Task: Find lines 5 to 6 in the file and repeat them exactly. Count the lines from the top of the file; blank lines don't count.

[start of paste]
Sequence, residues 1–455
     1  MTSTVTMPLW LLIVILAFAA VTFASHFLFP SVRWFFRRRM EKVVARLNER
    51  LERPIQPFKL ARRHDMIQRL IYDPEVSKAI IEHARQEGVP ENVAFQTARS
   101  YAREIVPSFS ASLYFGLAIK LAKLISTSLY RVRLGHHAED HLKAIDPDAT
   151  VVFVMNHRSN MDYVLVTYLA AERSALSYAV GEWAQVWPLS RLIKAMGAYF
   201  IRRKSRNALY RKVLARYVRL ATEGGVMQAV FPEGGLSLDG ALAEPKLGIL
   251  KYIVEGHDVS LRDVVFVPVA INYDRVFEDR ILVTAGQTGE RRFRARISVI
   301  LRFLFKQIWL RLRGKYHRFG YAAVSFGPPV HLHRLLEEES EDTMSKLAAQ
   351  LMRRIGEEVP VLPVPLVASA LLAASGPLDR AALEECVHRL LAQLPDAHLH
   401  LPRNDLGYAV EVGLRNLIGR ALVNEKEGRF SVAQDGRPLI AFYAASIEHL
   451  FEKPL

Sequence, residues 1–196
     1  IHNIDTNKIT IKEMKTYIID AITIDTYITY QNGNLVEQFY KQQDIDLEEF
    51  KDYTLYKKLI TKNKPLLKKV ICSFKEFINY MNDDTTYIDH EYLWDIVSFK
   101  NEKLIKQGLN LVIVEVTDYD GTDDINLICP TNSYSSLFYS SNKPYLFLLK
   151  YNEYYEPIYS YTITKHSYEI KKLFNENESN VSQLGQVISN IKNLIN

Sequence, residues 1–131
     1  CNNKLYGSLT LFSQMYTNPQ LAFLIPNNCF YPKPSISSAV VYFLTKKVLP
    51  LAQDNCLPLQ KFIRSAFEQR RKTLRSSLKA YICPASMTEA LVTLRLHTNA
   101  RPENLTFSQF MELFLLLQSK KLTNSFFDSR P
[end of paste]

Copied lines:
   151  VVFVMNHRSN MDYVLVTYLA AERSALSYAV GEWAQVWPLS RLIKAMGAYF
   201  IRRKSRNALY RKVLARYVRL ATEGGVMQAV FPEGGLSLDG ALAEPKLGIL